November 6, 2020, 11:00–12:30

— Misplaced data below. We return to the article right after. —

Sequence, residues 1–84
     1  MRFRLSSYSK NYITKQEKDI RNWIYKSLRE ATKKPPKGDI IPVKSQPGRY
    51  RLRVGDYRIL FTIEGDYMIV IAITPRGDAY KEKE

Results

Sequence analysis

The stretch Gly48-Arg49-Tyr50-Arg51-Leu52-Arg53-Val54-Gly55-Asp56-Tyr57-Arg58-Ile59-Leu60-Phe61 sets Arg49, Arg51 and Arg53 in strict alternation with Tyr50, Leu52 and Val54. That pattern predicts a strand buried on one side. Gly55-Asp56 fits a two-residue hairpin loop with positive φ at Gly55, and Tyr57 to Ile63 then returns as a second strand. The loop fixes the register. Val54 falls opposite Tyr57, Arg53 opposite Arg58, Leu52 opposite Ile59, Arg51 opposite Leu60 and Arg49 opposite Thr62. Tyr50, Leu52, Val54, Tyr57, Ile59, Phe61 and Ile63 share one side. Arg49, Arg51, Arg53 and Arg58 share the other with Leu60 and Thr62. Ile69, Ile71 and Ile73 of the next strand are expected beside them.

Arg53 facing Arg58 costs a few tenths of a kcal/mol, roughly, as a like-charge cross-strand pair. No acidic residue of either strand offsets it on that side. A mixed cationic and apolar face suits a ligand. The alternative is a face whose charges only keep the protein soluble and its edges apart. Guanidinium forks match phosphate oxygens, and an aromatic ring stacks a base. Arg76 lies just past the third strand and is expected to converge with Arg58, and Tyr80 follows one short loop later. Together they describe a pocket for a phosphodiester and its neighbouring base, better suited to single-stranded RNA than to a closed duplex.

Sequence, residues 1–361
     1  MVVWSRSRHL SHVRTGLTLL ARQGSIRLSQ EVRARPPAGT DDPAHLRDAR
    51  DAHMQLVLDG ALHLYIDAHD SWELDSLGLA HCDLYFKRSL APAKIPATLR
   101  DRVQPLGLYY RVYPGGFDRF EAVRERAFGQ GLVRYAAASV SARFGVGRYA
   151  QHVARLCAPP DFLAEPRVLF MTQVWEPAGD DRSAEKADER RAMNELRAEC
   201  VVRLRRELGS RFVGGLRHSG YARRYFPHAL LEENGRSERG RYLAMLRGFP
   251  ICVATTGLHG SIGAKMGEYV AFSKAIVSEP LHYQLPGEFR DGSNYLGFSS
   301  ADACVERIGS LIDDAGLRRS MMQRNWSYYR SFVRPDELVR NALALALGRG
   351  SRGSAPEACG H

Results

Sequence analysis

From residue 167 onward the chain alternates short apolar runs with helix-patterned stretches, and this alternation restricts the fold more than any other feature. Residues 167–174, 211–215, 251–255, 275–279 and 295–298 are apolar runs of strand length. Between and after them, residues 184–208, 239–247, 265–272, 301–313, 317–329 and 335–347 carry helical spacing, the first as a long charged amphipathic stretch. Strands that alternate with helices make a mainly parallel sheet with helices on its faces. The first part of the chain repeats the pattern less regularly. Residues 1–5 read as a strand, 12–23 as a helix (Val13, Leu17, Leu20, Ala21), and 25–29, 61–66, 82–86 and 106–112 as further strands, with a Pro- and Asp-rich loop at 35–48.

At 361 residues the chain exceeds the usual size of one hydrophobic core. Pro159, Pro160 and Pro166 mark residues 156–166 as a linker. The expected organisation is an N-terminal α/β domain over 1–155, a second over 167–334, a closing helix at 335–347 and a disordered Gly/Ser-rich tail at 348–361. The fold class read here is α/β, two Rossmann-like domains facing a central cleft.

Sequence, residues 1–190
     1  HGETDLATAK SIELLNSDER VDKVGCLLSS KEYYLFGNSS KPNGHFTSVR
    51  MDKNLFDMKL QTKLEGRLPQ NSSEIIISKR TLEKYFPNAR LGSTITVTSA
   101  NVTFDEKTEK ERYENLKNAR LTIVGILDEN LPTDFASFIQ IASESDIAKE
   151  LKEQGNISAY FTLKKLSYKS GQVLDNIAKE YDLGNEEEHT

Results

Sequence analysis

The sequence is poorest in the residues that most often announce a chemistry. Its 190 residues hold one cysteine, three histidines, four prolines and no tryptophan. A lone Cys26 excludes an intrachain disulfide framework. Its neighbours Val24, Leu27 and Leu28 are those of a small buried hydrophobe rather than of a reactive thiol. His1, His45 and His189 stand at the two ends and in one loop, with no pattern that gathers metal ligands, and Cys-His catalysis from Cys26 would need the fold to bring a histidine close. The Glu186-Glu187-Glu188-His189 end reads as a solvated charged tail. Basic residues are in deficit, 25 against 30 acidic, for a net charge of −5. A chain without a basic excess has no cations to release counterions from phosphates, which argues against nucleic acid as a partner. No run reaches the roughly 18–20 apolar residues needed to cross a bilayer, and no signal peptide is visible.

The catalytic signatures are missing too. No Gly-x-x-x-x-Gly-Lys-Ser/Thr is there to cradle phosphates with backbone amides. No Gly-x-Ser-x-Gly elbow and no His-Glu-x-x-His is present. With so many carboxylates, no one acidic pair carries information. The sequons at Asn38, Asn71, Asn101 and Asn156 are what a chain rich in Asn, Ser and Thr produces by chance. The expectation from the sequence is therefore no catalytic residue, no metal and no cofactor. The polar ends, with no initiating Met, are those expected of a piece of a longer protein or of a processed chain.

Deforestation in the Brazilian Amazon has fallen sharply since the early 2000s. Better enforcement of environmental law is believed to play a major role in this success story, and the literature provides support to this theory. Deforestation is one of the greatest culprits of carbon emissions in Brazil, and cutting deforestation is part of the country's actions to keep its emissions under control. However, despite relatively low deforestation levels, the use of fire in deforestation increased from 40% to more than 60% of deforested areas from 2008 to 2018. This paper documents the increase in use of fires as a method of deforestation and sheds light on a mechanism that could be behind this phenomenon. In the model, agents may choose between logging and fire, and stricter enforcement induces substitution from logging to fires even though overall deforestation falls. The model assumes that fire offenses are harder to punish than logging offenses, which creates a bonus for using fire as a method of deforestation. Although offenders would prefer to log the land and exploit the values of resources, the risk of being caught may induce them to clear them in the easiest way, which is fire.